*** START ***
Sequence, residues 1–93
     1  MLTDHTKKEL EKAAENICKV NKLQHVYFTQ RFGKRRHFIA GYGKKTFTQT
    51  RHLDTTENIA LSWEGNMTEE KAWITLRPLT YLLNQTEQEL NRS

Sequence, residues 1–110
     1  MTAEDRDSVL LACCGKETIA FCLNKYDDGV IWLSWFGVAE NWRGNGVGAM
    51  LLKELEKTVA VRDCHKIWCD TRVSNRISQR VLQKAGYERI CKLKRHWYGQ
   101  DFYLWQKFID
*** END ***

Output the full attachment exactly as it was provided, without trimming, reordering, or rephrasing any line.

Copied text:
Sequence, residues 1–93
     1  MLTDHTKKEL EKAAENICKV NKLQHVYFTQ RFGKRRHFIA GYGKKTFTQT
    51  RHLDTTENIA LSWEGNMTEE KAWITLRPLT YLLNQTEQEL NRS

Sequence, residues 1–110
     1  MTAEDRDSVL LACCGKETIA FCLNKYDDGV IWLSWFGVAE NWRGNGVGAM
    51  LLKELEKTVA VRDCHKIWCD TRVSNRISQR VLQKAGYERI CKLKRHWYGQ
   101  DFYLWQKFID